In information technology, big data refers to the data sets that consist of data sets which grow so large and complex that they become awkward to work with using on-hand database management tools. Difficulties that arise while using these tools are capture, storage, search, sharing, analytics and visualization. This trend continues because of the benefits of working with larger data sets allows analysts to spot business trends, prevent diseases and combat crime. Moreover, scientists also regularly encounter problems in meteorology, genomics and during complex physics simulations. Also since the cloud computing bandwagon is out of gas, vendors have jumped on the next one to roll down the pike: Big Data.

There are certain information that can provide competitive advantages over rival organizations and result in business benefits, such as more effective marketing and increased revenue. Big data analytics is a process that allows you to examine large amounts of data of different varieties to uncover hidden patterns, unknown correlations and other useful information. The primary goal of using this analytics platform is to help companies make better business decisions by enabling data scientist and other users to analyze large volume of data transactions as well as other data sources which may be left untapped by conventional intelligence business intelligence programs. These other data sources can include Web server logs and internet click stream data, social media activity reports, mobile phone call details records and also information that is captured through sensors.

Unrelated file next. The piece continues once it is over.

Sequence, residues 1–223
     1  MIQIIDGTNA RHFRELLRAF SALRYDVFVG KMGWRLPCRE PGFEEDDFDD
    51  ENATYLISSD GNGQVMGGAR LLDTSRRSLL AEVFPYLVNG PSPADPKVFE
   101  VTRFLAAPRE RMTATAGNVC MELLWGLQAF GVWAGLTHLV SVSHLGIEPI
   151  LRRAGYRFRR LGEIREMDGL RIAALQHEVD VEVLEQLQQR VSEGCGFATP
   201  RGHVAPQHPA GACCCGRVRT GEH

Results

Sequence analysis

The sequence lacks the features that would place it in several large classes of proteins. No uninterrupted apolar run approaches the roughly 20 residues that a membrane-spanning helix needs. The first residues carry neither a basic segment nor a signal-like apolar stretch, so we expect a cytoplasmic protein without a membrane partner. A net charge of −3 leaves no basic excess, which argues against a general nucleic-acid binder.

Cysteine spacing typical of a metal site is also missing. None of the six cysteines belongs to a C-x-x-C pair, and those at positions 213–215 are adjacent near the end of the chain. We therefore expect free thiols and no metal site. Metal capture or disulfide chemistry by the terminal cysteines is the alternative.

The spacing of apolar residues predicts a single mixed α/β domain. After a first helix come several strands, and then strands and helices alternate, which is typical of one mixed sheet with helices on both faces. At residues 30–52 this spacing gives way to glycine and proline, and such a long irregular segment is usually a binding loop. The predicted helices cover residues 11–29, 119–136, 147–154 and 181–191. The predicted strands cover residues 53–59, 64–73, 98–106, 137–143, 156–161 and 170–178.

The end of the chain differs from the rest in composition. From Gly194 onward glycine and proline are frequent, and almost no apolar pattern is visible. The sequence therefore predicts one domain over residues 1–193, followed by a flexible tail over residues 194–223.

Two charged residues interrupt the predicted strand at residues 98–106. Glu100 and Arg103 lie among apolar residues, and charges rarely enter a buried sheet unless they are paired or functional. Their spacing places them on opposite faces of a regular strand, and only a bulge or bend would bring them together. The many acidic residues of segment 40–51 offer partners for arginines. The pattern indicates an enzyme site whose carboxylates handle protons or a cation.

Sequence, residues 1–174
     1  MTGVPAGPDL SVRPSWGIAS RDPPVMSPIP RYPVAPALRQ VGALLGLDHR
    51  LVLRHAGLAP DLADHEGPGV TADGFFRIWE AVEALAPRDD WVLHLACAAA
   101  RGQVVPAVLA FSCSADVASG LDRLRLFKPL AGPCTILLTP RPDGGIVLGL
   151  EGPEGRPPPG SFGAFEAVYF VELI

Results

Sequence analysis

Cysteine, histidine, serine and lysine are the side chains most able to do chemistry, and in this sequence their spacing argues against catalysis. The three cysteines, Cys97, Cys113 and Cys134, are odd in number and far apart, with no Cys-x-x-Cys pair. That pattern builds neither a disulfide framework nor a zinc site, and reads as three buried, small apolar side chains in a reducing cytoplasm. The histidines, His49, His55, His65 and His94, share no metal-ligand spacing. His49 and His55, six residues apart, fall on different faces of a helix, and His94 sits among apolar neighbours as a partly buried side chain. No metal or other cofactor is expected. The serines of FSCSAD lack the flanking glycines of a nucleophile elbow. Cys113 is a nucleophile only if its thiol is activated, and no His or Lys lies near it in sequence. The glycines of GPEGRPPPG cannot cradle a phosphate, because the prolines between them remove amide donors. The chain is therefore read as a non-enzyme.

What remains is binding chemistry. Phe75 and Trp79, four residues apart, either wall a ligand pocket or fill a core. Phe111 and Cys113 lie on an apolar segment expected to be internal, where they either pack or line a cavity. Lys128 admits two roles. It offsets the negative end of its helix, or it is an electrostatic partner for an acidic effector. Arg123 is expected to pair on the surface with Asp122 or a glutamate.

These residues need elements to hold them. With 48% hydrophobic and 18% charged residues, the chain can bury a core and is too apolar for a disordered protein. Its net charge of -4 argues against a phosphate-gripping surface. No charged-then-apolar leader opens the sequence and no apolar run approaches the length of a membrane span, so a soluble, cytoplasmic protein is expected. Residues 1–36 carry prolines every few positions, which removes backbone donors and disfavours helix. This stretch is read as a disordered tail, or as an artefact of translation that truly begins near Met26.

Big data analytics can be easily done with the software tools that are commonly used as a part of advanced analytics disciplines such as predictive analytics and data mining. But the unstructured data sources that are used for big data analytics do not fit appropriately in the traditional data warehouses and furthermore, these warehouses may not be able to handle the processing demands that are posed by big data. As a result, a new class of big data technology has emerged that is being used in analytics programs that are quite huge. This technology includes No SQL databases, Hadoop and MapReduce which forms the core of an open source software framework that supports the processing of large data sets across clustered systems.

Potential pitfalls that can trip up organizations on big data analytics initiatives include a lack of internal analytics skills and also the high cost of hiring experienced analytics professionals along with the challenges in integrating Hadoop systems and data warehouses. However, vendors have now started to offer software connectors between those technologies.

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